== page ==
The other morning I woke up fully intending to just have some baguette with butter and jam for breakfast. Then I spied the apricots I bought at a farmstand sitting on the counter. My intention was to make preserves with them the night before, only to realize I was running low on sugar. I know, that sounds hard to believe, but all my summer vacationing has left my home pantry in need of restocking.
Makes a scant 1 cup / 95 grams
1/4 cup / 26 grams ground cardamom
1/4 cup / 34 grams ground cinnamon
1/4 cup / 18 grams ground ginger
1 tablespoon / 9 grams ground cloves
1 whole nutmeg, freshly grated
1 tablespoon / 8 grams freshly ground black pepper
Add all of the ingredients to a small bowl. Whisk well to combine. Transfer to a jar with a tight-fitting lid. Store in a cool dry place for up to two months. Shake well before using.
Finding a way to navigate life in these ever-changing times can be paralyzing. The advent of technology and explosion of 24/7 media means we have more information at our disposal than we can ever really hope to digest.
A simple trip to the supermarket requires the stealth research of a journalist, armed with credible sources.
But what is credible in this day and age, since news—be it in print, online or television is not objective? You know where someone stands immediately whether they watch Fox News or CNN, reads the New York Post or New York Times.
The best advice I can offer is to take a moment and consider the effect our collective purchasing power has on what makes it to supermarket shelves. Perhaps if we truly pondered the big picture—the world beyond our borders, the planet we are leaving to our children, then there would be only one real convenient way of eating.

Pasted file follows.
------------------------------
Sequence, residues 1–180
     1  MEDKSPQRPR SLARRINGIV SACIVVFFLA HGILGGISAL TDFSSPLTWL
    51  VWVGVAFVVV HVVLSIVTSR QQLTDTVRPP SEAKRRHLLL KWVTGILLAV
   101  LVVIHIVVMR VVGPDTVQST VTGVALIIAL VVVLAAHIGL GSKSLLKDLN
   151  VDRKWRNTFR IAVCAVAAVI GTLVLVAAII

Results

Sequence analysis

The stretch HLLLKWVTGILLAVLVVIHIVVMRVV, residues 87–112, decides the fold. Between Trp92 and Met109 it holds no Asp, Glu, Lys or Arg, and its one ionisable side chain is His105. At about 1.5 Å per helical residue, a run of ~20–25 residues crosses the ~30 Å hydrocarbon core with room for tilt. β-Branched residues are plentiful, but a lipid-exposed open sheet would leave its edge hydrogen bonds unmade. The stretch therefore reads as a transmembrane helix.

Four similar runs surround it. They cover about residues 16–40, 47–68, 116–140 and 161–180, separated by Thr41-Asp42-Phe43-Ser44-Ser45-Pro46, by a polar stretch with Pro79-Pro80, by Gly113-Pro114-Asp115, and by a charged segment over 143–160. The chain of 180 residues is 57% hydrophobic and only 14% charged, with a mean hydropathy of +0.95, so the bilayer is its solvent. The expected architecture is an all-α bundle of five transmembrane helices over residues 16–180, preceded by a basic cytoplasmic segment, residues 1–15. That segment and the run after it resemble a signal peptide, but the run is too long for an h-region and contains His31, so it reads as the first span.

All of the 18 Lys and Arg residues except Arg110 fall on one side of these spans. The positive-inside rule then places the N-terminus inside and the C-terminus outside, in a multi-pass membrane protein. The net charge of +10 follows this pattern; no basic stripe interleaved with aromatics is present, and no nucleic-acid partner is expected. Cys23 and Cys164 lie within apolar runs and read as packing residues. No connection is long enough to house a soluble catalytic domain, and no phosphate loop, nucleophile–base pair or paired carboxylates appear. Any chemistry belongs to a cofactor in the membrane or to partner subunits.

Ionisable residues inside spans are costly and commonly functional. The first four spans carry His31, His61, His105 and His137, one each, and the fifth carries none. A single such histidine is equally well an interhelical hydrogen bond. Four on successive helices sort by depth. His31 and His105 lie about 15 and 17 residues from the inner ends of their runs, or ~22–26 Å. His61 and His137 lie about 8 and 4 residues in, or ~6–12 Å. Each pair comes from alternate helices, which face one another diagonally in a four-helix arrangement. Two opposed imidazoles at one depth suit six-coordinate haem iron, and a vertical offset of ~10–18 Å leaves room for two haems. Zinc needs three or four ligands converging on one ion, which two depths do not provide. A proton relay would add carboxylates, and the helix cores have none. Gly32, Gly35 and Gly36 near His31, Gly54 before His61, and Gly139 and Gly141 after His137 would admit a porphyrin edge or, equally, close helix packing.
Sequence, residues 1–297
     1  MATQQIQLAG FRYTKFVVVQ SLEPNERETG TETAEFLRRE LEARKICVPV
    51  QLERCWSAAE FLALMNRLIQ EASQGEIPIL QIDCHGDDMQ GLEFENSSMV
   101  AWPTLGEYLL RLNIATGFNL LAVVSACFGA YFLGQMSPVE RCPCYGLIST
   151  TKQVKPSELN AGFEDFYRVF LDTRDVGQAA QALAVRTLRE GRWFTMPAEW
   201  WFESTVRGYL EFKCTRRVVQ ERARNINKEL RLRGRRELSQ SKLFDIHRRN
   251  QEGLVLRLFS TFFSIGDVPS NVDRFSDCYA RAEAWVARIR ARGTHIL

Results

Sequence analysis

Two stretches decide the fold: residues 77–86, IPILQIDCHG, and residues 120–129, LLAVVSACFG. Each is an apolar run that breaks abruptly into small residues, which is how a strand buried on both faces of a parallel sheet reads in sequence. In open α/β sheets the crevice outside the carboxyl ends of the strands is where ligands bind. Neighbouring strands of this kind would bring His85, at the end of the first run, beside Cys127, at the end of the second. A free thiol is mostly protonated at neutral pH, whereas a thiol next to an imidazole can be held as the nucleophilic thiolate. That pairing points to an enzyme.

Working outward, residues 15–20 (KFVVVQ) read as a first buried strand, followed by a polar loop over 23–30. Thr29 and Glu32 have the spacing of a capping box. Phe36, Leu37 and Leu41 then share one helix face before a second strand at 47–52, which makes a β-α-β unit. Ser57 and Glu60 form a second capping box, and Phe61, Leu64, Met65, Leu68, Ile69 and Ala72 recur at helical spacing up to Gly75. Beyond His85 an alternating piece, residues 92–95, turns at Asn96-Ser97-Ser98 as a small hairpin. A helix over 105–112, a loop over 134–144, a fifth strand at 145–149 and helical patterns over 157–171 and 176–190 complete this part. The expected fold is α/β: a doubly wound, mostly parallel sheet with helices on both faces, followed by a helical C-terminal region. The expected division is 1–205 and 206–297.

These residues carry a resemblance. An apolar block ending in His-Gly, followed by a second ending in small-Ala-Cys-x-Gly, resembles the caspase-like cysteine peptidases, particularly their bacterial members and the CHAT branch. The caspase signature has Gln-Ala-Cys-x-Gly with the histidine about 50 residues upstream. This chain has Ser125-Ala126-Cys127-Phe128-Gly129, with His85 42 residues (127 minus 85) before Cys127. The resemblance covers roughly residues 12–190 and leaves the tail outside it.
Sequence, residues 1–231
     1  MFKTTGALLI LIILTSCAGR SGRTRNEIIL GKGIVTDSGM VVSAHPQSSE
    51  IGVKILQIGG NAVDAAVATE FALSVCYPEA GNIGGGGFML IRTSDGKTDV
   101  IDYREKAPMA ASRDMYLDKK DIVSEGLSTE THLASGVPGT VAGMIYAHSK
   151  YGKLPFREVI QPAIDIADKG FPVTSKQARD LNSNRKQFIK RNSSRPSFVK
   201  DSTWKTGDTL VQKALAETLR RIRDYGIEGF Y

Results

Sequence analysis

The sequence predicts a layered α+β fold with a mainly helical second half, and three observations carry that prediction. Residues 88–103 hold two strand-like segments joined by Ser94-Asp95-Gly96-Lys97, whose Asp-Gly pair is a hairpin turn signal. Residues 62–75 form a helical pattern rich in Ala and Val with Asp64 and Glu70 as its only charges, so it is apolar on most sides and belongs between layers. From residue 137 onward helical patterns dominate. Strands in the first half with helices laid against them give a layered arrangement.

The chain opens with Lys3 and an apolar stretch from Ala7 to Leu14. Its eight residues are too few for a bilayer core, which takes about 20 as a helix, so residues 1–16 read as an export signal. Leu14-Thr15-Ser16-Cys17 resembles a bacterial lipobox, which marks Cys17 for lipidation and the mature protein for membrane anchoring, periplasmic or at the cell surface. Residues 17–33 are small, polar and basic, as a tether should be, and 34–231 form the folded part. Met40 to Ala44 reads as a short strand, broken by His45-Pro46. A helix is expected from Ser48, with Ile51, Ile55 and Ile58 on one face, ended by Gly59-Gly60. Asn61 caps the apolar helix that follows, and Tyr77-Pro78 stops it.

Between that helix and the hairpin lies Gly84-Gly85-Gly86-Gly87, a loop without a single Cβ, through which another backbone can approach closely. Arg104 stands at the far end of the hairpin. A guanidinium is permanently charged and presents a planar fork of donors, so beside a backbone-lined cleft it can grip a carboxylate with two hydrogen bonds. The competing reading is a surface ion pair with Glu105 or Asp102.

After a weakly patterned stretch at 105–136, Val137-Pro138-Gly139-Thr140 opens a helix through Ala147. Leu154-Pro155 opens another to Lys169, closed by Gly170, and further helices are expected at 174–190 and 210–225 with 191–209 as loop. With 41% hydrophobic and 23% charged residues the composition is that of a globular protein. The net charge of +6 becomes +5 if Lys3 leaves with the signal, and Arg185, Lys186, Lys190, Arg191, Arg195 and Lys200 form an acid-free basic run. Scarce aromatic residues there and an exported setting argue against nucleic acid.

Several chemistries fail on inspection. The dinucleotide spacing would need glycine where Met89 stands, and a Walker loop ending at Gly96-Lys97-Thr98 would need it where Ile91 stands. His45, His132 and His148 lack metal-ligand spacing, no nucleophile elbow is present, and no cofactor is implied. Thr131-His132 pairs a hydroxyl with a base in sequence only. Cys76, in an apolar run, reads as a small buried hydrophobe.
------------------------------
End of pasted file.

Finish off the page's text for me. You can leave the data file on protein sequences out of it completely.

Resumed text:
I find my curiosity piqued as my eyes wander over the ingredients strewn across the conveyor belt just ahead of my own items. Is it fair to cast judgement based solely on one’s grocery purchases? I know deep down the answer is no. Food is a complicated ingredient in all of our lives. The decision of what to buy is often compromised by budget and time available.
I sometimes question if I’m over-thinking my own approach to feeding my family. Then as I peruse labels, I realize cooking from scratch is the only way I can peacefully co-exist with the planet.
This article from NPR’s Public Radio Kitchen is a glimpse of what is inherently wrong with today’s food system. Then I read this piece in the New York Time’s and it reminded me I’m not alone in my struggles with decisions when it comes to politics of the plate. I find myself raising many of the same questions as Yoon does in her article.
As those moments creep into my daily life, I stop myself and take a long, deep breath. Rather than feel overcome with helplessness, I retreat to the kitchen and go on with life the only way I know how.
Purists may want to take a seat. I’ve done a lot of tampering with this seemingly classic Italian dish.
Some of the changes were from necessity, and others pure whim. I’ve made a pork version of this a few times, the sweetness of the marsala wine being a natural compliment to the flavors of the pork from Flying Pigs Farm. Yes, you read correctly—I used marsala wine in this bolognese sauce, casting aside the requisite red wine.
It’s just about mid-January, and while I’m not exactly in a root vegetable rutt yet, I couldn’t help think about all the summer salads that are months away for us farmers’ market shoppers here in the northeast. I had no intention of even making a salad, but after spying some blood oranges at the little market I inhabit a few times a week, I soon found myself picking up some organic baby arugula too.
I must confess, until two weeks ago, I really never knew the difference between muesli and oatmeal. Crazy, yes, but I’m also new to the oatmeal game. When I was a little girl, I’d beg my nana for oatmeal each morning because my older sister loved it. Then I’d find myself staring at a bowl of mush, and suddenly realized I preferred food that required teeth. Something with texture that I could actually enjoy.
Years ago—who am I kidding, it was more than a decade, I had my first sip of freshmade almond milk. It was while I was touring the Natural Gourmet Cookery school, now known as the Natural Gourmet Institute. While tuition costs superceded my dreams of attending, that almond milk has haunted me to this day.